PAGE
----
Increased vertical transmission of human immunodeficiency virus from hepatitis C virus-coinfected mothers. Women and Infants Transmission Study

J Infect Dis. 1997 Aug;176(2):414-20. doi: 10.1086/514058.


To determine if hepatitis C virus (HCV) infection affects vertical transmission of human immunodeficiency virus (HIV), 487 HIV-infected pregnant women in the prospective, multicenter, Women and Infants Transmission Study had HCV antibody (anti-HCV by second-generation ELISA) and HCV RNA (by quantitative polymerase chain reaction) measured in peripartum maternal plasma; 161 (33%) were anti-HCV-positive. HIV vertical transmission occurred from 42 HCV-infected mothers (26.1%) versus 53 HCV-uninfected mothers (16.3%; odds radio [OR], 1.82; P = .01). In a logistic regression model that included maternal drug use, a potential confounder, HCV infection was marginally associated with perinatal HIV transmission (OR, 1.64; P = .05), whereas drug use was not. Women who transmitted HIV had higher levels of HCV RNA (median, 721,254 copies/mL) than those who did not (337,561 copies/mL; P = .01). Maternal HCV infection is associated with increased HIV vertical transmission. Further studies are needed to ascertain if HCV directly affects perinatal HIV transmission or is a marker for another factor, such as maternal drug use.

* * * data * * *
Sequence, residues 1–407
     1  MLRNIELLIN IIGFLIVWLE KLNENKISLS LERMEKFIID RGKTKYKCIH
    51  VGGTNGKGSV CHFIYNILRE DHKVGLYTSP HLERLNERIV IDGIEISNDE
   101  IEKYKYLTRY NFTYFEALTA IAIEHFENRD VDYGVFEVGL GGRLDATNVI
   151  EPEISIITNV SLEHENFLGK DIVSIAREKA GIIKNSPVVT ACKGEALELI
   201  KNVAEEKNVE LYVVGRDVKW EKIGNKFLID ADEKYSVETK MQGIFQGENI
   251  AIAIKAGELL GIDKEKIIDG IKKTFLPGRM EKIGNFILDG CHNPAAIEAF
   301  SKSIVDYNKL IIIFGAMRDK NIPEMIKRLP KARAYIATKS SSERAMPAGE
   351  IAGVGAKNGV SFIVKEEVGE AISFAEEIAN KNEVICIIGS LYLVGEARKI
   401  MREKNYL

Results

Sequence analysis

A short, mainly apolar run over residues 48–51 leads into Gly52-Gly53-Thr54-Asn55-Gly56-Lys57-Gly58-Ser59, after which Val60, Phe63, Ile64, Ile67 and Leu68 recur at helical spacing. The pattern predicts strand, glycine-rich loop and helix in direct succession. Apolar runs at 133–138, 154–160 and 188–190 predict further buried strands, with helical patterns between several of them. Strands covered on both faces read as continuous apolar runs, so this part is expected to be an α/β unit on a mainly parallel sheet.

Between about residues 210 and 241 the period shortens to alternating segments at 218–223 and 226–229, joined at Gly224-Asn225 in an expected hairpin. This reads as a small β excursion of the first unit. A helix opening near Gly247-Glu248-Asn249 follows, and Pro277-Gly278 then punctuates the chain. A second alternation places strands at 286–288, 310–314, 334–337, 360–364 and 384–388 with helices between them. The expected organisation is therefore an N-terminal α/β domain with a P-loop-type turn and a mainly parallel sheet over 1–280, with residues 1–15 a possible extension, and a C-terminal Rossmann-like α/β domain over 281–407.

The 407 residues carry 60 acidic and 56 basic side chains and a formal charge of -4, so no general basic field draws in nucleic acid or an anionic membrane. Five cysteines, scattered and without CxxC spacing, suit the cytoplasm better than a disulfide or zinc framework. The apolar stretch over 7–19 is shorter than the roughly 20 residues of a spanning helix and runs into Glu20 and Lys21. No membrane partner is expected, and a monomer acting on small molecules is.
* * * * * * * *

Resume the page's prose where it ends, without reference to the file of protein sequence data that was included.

Publication types

  • Multicenter Study
  • Research Support, Non-U.S. Gov't
  • Research Support, U.S. Gov't, P.H.S.

MeSH terms

  • Adult
  • Anti-HIV Agents / therapeutic use
  • Female
  • HIV Antibodies / blood
  • HIV Infections / complications
  • HIV Infections / drug therapy
  • HIV Infections / transmission*
  • HIV-1* / immunology
  • Hepacivirus / genetics
  • Hepacivirus / isolation & purification
  • Hepatitis C / complications*
  • Humans
  • Infant, Newborn
  • Infectious Disease Transmission, Vertical*
  • Multivariate Analysis
  • Pregnancy
  • Pregnancy Complications, Infectious / drug therapy
  • Pregnancy Complications, Infectious / virology*
  • Prospective Studies
  • RNA, Viral / blood
  • Risk Factors
  • Zidovudine / therapeutic use


  • Anti-HIV Agents
  • HIV Antibodies
  • RNA, Viral
  • Zidovudine